Who passes the Clegg test?

How many of Nick Clegg's four demands do Labour and Tories meet?

So Vince Cable won't be the next chancellor after all. Today's Guardian reports that the Liberal Democrats are planning to rule out forming a coalition government with either the Conservatives or Labour in the event of a hung parliament. But they will be prepared to offer parliamentary support to any party that accepts their "shopping list" of four demands.

So who, as things stand, would pass the Clegg test?

1. "Investing extra funds in education through a pupil premium for disadvantaged children."

Conservatives: The Tories have already promised to introduce a pupil premium, with extra funding for schools that take children from the poorest homes. But the party has yet to say anything about how much it would spend, or where the money would come from.

The Lib Dems have said that the policy would cost £2.5bn a year, with the average school receiving roughly £2,500 extra for every disadvantaged child on its roll.

Labour: Ed Balls opposes a pupil premium, arguing that it would not guarantee that pupils with disadvantages or extra needs actually get the support that they need.

Verdict: A point to the Tories. None for Labour.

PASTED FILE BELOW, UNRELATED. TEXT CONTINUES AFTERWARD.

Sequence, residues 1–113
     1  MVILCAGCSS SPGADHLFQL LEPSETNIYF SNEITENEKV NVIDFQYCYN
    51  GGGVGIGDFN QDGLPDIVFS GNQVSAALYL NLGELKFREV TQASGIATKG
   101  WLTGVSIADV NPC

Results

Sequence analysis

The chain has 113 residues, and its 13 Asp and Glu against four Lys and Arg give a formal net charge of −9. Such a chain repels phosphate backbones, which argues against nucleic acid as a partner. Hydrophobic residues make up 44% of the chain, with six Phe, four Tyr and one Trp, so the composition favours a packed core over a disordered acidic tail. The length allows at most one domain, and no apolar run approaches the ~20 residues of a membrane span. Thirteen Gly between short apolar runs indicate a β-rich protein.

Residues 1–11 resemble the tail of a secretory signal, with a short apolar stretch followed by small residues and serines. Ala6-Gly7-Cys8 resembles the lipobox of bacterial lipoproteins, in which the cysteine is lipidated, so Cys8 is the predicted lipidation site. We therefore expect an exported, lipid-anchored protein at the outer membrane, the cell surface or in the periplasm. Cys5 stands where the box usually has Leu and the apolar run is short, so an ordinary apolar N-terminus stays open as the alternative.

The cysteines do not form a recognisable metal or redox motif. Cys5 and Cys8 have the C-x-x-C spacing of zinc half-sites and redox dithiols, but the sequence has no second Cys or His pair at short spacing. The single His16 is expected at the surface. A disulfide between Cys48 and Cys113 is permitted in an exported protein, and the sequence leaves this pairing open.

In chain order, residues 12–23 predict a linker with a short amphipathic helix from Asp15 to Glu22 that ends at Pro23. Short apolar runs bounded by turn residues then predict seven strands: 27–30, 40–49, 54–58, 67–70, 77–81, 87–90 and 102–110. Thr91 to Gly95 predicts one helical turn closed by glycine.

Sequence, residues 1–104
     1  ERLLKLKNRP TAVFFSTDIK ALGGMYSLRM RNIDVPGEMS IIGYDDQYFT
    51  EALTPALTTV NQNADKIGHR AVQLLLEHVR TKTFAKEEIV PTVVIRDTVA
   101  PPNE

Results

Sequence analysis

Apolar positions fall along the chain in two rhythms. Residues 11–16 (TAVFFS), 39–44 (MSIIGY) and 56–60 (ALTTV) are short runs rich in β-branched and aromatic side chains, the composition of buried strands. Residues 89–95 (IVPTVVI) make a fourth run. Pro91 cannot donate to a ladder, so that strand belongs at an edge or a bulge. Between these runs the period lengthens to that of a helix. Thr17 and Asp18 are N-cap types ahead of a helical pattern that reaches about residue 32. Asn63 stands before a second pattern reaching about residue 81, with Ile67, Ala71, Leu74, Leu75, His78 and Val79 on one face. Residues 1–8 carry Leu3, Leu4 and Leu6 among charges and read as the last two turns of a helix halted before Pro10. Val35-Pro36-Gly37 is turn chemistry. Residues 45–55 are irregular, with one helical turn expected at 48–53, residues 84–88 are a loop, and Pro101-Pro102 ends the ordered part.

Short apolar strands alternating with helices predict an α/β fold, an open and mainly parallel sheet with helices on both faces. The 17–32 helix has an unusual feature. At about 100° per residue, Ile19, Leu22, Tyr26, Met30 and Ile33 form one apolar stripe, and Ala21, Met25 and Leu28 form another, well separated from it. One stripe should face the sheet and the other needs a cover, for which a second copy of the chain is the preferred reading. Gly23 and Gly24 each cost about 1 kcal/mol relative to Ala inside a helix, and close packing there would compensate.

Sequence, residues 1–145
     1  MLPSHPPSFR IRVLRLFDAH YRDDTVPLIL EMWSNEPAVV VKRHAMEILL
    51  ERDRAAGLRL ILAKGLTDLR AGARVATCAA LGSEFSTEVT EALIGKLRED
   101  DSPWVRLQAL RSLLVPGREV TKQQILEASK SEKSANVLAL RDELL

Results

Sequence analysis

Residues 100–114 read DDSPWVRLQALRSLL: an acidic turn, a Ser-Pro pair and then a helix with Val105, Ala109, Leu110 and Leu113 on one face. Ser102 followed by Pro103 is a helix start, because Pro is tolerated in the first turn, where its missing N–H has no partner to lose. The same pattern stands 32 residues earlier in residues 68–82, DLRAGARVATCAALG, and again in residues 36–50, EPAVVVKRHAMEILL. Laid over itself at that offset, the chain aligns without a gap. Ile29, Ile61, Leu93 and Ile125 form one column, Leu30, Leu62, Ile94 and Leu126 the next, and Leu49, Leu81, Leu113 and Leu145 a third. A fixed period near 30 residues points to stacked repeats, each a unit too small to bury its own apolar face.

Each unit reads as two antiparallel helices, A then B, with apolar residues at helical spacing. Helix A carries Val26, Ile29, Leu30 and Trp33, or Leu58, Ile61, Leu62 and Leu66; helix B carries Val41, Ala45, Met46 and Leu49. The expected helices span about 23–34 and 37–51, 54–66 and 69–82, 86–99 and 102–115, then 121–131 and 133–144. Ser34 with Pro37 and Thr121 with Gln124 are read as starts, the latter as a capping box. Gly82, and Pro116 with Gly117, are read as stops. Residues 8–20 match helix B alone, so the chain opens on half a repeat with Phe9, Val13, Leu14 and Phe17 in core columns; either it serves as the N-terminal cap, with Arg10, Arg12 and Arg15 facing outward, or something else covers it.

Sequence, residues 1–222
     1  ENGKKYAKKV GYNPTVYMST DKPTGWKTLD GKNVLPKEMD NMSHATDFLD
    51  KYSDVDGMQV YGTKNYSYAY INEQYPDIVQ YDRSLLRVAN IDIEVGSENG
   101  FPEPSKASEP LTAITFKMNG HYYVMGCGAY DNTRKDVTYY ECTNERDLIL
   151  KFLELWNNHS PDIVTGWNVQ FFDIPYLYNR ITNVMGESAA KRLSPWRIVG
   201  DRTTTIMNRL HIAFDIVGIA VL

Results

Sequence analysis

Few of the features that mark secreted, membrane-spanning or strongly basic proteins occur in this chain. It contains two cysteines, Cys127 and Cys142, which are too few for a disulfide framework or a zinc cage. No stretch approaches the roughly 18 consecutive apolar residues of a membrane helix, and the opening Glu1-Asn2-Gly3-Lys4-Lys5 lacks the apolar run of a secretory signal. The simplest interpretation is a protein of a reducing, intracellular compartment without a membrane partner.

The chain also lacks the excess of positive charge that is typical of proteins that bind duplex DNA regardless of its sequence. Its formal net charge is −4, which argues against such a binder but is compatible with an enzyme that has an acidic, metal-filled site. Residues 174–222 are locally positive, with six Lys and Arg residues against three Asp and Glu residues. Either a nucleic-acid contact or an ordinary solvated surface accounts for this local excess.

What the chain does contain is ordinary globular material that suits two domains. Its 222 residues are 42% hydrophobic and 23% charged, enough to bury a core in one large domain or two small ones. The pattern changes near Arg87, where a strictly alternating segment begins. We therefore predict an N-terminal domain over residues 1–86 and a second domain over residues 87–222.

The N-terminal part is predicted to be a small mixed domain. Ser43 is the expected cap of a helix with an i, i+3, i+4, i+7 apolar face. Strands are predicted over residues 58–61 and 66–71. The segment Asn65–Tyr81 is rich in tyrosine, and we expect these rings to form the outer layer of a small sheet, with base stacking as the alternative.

2. "Tax reform, taking four million out of tax and raising taxes on the rich by requiring capital gains and income to be taxed at the same rate."

Conservatives: A number of Tories are impressed by Nick Clegg's plan to raise the income-tax threshold to £10,000, but David Cameron has yet to poach the idea. Instead, he plans to focus on cutting inheritance tax and recognising marriage in the tax system. In addition, George Osborne has pledged to reduce corporation tax from 30 per cent to 27 per cent. The Tories have no plans to raise capital gains tax (CGT).

Labour: No plans to cut income tax, but Alistair Darling is said to be looking at raising CGT in the Budget to stop the wealthy exploiting a tax loophole by declaring income as capital gains. This would please the Lib Dems, who could claim to have led the agenda.

Verdict: In anticipation of a rise in capital gains tax, Labour wins half a point.

3. "Rebalancing of the economy to put less emphasis on centralised banking and more on a new, greener economy."

Conservatives: Osborne is sympathetic to calls to split investment and retail banking but has stopped short of calling for a complete separation. Cameron has promised a "localist green revolution" with companies such as Tesco and Marks & Spencer helping to make homes more energy-efficient. But will his backbenchers stand in the way? A ConservativeHome/ConservativeIntelligence survey revealed that reducing Britain's carbon footprint was the lowest priority for Tory candidates.